The Pros and Cons of ‘Buy Now, Pay Later’ Financing for Travel
Last updated June 11, 2021
After more than a year of canceled plans and trips, many Americans are ready to travel again.
So, how do you pay for that highly anticipated getaway if your budget is limited and prices for plane tickets and hotel rooms are going up? The travel industry has a solution: Buy now, pay later (BNPL) financing.
Listen to audio highlights of the story below:
These payment options are available when booking with dozens of travel providers:
- Airline tickets from more than a dozen domestic and foreign airlines, including Allegiant, American, Alaska, Delta, Emirates, Frontier, Hawaiian, Jet Blue, Spirit, Lufthansa, Southwest, and United.
- Travel packages offered by Delta Vacations, Southwest Vacations, and United Vacations.
- Cruises with Carnival, Norwegian, Princess, Royal Caribbean, and Virgin Voyages.
- Vacation rentals through Airbnb, and Vrbo.
- Hotels, such as Universal Orlando, Atlantis in the Bahamas, and the OYO hotel chain.
Many online travel agencies, now have BNPL options, including Expedia, Hotels.com, Hotwire, Kayak, Pleasant Holidays, Priceline, Travelocity, CruisesOnly, SmartCruiser.com, Trip.com, and American Express Vacations.
With BNPL, you get the booking confirmation right away and spread out the cost over a series of equal payments. It can help with cash flow, and it’s an easy work-around for those who don’t have credit cards. But as with all financing options, it’s important to read the fine print.
How It Works
Buy Now, Pay Later programs for retail purchases took off during the pandemic, as millions of Americans switched to online shopping. Many of the companies offering BNPL financing for travel are familiar names from the retail sector: Affirm, Afterpay, FuturePay, Klarna, PayPal, QuadPay, Sezzle, and Splitit. There’s also Uplift, which is exclusively for travel; it reported a 72 percent growth in monthly transaction revenue in the fourth quarter of 2020.
The terms for BNPL travel financing are often different from those for BNPL retail purchases. They tend to be longer—three months to a year or more (rather than four to six weeks)—and they often charge interest. Most lenders affiliated with travel products charge interest rates that can be higher than the APRs most credit cards charge customers with good credit.
“There can definitely be steep interest charges for travel,” warned Ted Rossman, senior industry analyst with CreditCards.com. “Occasionally, a company like Uplift or Affirm will offer zero percent interest for travel, but a lot of the time you are going to be charged an interest rate that’s comparable to a credit card—or even higher. So, you definitely need to do your homework, and figure out what you're getting into.”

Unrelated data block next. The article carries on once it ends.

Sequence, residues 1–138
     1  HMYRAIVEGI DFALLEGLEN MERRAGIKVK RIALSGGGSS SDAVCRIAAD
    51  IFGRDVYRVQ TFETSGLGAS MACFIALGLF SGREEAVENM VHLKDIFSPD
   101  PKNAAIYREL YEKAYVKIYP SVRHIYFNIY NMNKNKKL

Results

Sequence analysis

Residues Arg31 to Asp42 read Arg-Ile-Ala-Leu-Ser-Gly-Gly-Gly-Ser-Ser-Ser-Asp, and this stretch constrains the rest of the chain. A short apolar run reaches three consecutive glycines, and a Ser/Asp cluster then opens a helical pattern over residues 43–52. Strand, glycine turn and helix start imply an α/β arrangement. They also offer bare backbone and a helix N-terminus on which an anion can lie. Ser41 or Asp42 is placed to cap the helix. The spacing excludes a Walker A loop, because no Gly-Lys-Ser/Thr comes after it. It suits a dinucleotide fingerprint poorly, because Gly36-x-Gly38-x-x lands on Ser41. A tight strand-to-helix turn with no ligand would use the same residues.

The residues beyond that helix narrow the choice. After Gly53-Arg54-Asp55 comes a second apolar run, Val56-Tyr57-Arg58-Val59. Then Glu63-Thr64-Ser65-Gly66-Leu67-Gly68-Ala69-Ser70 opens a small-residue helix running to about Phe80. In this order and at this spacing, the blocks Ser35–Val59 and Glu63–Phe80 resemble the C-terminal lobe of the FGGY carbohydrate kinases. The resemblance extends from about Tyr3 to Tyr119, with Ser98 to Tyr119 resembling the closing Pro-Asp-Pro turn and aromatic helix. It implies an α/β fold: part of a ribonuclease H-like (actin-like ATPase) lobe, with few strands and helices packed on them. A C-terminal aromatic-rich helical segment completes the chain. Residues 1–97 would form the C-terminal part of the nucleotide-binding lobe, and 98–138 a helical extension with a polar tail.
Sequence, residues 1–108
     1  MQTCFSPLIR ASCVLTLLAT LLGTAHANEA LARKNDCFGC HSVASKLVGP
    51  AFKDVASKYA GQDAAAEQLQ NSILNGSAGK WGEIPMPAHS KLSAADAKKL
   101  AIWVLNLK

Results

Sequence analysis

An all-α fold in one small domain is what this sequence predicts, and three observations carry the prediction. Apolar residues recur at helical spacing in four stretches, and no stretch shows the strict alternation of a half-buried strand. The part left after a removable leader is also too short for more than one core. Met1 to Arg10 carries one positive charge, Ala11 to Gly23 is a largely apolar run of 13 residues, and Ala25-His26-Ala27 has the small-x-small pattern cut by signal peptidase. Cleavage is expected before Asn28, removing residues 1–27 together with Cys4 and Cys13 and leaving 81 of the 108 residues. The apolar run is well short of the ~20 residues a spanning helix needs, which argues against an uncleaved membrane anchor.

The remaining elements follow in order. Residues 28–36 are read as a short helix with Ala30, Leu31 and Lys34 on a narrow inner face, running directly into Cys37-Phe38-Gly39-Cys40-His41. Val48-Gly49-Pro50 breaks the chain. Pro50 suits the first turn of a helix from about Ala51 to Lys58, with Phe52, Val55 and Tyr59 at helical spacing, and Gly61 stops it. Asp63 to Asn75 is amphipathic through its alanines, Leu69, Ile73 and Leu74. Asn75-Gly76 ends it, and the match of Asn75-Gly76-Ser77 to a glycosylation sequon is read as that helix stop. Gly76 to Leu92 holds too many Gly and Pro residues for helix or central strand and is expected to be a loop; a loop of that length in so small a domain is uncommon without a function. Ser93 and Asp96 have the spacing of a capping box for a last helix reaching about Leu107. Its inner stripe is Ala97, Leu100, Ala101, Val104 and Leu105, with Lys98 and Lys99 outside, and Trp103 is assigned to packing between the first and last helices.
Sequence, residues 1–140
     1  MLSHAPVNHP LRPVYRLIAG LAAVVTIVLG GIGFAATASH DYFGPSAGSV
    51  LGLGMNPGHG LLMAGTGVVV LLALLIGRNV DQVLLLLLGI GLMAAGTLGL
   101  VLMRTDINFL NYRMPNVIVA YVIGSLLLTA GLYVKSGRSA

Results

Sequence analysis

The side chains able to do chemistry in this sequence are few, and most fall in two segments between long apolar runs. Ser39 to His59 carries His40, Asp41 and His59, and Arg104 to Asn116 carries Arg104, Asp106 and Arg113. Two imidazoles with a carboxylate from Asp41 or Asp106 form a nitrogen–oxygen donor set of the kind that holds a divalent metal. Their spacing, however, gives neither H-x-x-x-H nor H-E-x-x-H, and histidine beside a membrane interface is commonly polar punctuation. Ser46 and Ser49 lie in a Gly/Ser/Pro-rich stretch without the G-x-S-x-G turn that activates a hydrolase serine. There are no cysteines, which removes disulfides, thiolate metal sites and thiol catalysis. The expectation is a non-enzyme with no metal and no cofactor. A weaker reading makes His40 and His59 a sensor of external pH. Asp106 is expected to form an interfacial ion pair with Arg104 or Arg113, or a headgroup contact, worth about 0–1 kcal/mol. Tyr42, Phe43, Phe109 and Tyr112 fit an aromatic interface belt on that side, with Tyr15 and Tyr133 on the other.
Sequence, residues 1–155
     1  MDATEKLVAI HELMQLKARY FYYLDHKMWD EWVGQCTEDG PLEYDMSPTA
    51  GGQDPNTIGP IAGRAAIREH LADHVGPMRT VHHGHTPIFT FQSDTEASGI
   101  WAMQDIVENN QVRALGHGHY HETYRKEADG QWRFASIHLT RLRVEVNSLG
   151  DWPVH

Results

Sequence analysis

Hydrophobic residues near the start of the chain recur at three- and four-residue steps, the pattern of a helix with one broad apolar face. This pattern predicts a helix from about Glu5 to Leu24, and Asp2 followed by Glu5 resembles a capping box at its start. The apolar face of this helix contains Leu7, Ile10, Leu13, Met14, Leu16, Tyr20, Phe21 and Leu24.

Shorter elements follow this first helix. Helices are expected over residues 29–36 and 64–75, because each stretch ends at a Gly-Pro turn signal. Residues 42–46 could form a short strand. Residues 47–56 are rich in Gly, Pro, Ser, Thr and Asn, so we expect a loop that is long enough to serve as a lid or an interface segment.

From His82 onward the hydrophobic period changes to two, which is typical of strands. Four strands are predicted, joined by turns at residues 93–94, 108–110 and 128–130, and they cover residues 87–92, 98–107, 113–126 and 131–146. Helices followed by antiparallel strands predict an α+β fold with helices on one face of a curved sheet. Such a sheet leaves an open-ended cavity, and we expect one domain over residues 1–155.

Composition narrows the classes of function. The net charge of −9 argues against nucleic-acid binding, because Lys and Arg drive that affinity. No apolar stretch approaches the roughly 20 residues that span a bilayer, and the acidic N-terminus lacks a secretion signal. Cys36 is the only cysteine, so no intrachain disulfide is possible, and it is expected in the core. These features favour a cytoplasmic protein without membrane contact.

For example, we priced a flight on United Airlines costing $2,424. At checkout, we were given the option to use Uplift: Book for no money down, and pay $237.25 a month for 11 months at 15 percent APR. But, there was this disclaimer: “Actual terms are based on your credit score and other factors and may vary.” If our loan was approved, the interest rate could be significantly higher, based on a credit check. Consumers with poor credit scores might pay interest as high as 36 percent.
“If you do get quoted an interest rate other than zero percent, and you have a credit card, consider if it makes sense,” said Annie Millerbernd, personal loans expert at NerdWallet. “Just consider whether you’ll get a lower interest rate through this buy now, pay later loan, or if you can pay less with your credit card.”
Some people are drawn to BNPL financing because it tends to be easier to get approved. Unlike credit card companies, BNPL services often do not report positive payment history to the credit bureaus. So, paying this way may not help build credit. On the other hand, they may report late or missed payments to the credit bureaus, which will have negative consequences.
Not all “pay later” are what they seem. Shop for a flight on American Airlines and at checkout you’ll get offered a “fly now, pay later” option with a no-interest for six months. But there’s a catch: To get the free six-month free financing, you must apply for and get approved for a credit card, and charge the purchase to that card. This is this is a just a way the airline pushes customers to sign up for one of its affiliated credit cards.
Beware the Spending Trap
BNPL is marketed as a smarter, more consumer-friendly way to pay. But these point-of-sale loans can lure you into buying travel products you can’t afford.
BNPL financing differs from paying with a credit card in three significant ways: The payments are the same amount each month; you know upfront how many payments it takes to pay off the balance; and the balance never grows.